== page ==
The Great Shade Tree Tragedy

When I moved into this townhouse nine years ago, the street was lined with giant shade trees. Since then, wind and lightning have thinned or taken down most of them. There were only two big ones left: mine and one across the street.

My shade tree. It's a little thinner on the left because of a lightning strike a few years ago, but it's still a beauty.

Our subdivision also has another type of tree in front of each building. (Don't ask me what kind. I don't know. All I can tell you is that it's not a birch, maple, or oak.) These other trees became infected with a tree disease a few years back. (I want to say it's a type of algae, but that's only in water, right?) Anyway, the point is, the infected trees are dying. A few are already dead. The Homeowner's Association and Management Company are aware of this. They're the ones who made the decision to let the trees die instead of trying to do anything about it--one of many decisions on which we disagree, but that's a diatribe for another time.

So, a little over a week ago, when I heard the buzz of chainsaws, I thought the HOA and Management Company had hired landscapers to start removing the dead trees. Instead, I was shocked, disappointed, and angered when I looked out my window and saw the landscapers taking down the shade tree across the street. All of it. Not a few branches. The whole darn thing.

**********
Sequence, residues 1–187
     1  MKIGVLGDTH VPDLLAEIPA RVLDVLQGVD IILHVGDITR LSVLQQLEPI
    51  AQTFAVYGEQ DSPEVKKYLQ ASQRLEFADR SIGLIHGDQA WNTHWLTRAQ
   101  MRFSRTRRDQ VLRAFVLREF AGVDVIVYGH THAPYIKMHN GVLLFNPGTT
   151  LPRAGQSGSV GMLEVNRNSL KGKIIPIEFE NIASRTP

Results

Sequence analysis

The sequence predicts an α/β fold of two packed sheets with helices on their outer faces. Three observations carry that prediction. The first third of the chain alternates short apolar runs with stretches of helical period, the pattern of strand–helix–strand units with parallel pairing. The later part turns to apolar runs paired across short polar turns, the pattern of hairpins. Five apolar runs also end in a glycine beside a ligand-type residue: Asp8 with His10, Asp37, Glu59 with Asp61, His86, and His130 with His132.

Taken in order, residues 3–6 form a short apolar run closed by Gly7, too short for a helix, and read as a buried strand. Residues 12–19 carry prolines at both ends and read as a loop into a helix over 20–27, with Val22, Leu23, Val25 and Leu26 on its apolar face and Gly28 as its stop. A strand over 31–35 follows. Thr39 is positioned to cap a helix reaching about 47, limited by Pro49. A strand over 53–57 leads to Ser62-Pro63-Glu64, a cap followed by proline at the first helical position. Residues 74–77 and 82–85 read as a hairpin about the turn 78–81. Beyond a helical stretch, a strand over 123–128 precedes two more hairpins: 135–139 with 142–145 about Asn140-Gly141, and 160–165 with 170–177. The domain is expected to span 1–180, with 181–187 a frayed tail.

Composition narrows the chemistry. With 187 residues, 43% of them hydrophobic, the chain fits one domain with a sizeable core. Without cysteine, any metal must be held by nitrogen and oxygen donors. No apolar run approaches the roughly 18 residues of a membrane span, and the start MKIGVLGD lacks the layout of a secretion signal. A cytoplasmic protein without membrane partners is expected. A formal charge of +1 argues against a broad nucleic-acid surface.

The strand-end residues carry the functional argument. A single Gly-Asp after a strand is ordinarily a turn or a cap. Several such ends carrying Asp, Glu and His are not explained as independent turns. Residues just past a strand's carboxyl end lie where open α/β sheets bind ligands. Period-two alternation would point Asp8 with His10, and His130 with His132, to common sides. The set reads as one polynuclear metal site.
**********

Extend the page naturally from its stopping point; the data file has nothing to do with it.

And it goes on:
What's left of the shade tree across the street

 The dead tree a few feet away--that was left alone and left standing:

What the heck?

I became concerned that my shade tree was in danger, too. Such fear is not unfounded in my years in this community. When I moved in, I had tall shrubs in front of my porch that afforded me a measure of privacy. The shrubs were healthy--no insect infestations or other affliction. I came home from work one day to find them all ripped out and replaced by brand new shrubs--of the exact same kind. For some unknown reason, the HOA and Management Company had decided to rip out the mature plants and replace them with fragile new ones.

Were they doing that now with the shade trees? Taking down the two surviving mature trees to replace them with saplings to match the rest of the trees on the street? The HOA is obsessed enough with conformity that such a decision is not out of the question.

I began to brainstorm: what could I do? How could I save my shade tree from the fate of its sibling across the street? I thought about chaining myself to the tree--except that I have no chains in my possession. I do have a long canvas dog leash. It's easy to cut through, but it might be enough to get my point across. I made a mental list of what I'd do if the chainsaw wielding landscapers came anywhere near my tree: call the Management Company, tie myself to the tree, make a scene.

Every morning for the next few days, I rehearsed in my head my to-do list and what I would say and to whom. But the tree-killers didn't come back. My tree is safe. For now, at least.

However, if one day you read or see a news report about a crazy woman who tied herself to a tree, look carefully. That crazy woman just might be me!